Ala-ud-Din established a militaristic regime. He based his kingship on military power and force. He did not claim sovereignty on the basis of heredity or election by the nobles or the sanction of the Khalifa. He knew full well that he had usurped power by force and the same could be maintained only by force. He subordinated the Muslim Chruch by force. He overawed the nobility with his huge army.
He did not allow the nobles to keep their armies. As a matter of fact, he owed everything to his efficient army. It is not possible to refer to the exact figures of the army of Ala-ud-Din Ferishta tells us that Ala-ud-Din maintained 4,75,000 horsemen. He paid decent salaries to the soldiers. Murratab or an ordinary horseman was paid 234 Tankas a year. The Sawar was paid 156 Tankas. A Do-aspah was paid 78 Tankas a year.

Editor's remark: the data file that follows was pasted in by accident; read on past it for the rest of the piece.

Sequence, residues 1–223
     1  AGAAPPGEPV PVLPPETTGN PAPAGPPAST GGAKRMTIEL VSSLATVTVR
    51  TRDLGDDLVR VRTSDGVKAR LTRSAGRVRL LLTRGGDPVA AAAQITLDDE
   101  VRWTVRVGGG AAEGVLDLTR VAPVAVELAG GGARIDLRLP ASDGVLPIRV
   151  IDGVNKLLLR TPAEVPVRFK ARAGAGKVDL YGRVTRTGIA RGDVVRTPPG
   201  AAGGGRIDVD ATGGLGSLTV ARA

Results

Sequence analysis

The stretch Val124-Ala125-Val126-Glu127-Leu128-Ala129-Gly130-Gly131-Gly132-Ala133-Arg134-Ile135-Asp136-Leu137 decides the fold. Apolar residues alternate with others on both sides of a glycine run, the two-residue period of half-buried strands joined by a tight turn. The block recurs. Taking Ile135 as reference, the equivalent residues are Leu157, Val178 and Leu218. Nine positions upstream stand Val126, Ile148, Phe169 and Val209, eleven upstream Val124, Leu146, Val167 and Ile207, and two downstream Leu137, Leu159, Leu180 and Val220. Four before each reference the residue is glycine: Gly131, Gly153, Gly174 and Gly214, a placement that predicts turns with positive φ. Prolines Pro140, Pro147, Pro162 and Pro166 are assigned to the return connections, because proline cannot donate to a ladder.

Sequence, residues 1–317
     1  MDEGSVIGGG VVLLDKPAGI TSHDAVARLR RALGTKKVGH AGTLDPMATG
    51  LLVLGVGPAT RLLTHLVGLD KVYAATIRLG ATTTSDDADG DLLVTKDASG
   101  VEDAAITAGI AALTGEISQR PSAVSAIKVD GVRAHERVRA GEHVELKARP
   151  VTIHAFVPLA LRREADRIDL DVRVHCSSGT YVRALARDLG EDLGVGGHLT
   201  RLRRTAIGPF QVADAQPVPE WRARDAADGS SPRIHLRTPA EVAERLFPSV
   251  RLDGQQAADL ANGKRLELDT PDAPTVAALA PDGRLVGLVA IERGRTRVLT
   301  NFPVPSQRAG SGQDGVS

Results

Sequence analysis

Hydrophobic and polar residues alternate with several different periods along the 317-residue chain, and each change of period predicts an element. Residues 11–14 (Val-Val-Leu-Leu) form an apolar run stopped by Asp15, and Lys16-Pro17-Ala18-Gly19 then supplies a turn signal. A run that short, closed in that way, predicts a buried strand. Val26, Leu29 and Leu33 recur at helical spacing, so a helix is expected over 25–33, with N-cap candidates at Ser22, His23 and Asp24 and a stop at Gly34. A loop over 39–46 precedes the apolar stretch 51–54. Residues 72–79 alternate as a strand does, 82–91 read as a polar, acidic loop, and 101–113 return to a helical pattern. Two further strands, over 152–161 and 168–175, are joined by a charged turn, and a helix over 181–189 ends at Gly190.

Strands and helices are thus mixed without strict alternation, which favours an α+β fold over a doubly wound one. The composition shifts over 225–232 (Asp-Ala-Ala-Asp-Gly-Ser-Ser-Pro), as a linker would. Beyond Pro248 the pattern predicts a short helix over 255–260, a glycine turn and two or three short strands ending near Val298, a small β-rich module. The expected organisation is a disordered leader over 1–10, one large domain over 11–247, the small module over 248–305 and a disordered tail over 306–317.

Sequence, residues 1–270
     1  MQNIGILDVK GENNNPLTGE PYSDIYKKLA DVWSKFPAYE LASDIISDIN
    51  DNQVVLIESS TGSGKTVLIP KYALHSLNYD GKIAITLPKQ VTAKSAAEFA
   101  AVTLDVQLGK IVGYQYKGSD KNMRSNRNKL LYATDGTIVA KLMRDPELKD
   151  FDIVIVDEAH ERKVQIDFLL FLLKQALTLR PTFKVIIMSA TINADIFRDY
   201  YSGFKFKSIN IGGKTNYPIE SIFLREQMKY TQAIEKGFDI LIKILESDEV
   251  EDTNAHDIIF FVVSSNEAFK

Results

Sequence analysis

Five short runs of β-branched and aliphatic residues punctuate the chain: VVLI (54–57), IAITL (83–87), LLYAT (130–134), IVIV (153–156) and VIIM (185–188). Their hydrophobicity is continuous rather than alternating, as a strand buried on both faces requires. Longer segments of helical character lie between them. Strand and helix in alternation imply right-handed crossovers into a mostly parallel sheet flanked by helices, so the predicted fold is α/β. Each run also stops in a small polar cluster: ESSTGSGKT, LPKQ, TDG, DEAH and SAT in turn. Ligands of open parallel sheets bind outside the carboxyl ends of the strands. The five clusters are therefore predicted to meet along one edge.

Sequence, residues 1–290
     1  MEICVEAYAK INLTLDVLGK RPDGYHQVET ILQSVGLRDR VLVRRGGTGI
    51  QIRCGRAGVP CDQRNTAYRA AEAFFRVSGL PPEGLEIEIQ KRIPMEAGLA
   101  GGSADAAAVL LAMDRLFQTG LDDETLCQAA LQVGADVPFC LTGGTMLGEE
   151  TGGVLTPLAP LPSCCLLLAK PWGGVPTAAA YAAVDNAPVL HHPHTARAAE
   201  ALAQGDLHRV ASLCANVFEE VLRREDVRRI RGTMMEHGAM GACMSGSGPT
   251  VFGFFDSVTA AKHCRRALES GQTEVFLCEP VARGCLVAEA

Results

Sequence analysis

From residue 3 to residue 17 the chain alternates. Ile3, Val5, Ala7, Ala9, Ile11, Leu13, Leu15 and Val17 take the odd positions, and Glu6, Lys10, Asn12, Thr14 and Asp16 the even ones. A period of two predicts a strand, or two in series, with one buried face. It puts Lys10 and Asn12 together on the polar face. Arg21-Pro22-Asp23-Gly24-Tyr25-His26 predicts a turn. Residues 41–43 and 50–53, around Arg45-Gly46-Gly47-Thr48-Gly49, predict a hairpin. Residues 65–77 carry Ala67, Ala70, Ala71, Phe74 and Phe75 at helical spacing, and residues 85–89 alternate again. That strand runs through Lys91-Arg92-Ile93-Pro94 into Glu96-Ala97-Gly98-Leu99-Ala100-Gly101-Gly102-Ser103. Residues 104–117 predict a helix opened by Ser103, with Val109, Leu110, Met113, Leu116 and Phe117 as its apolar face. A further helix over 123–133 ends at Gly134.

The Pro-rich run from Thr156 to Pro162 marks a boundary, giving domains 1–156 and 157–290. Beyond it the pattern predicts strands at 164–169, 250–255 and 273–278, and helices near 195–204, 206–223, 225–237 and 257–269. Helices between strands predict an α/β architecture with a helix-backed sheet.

Payments were made to the soldiers regularly and their activities were also supervised. Ala-ud-Din introduced the system of Dagh or the branding of horses and Huliah system or the preparation of the descriptive rolls. Dewan-i-Arz was the head of the military establishment and was required to enforce the rules stringently.
The result of these changes was that the Sultan could not be deceived by clever nobles with regard to the identity of the horses and the sodiers. Spies were kept in every unit of the army and they were required to submit daily reports to the Sultan regarding the conduct of the military officers.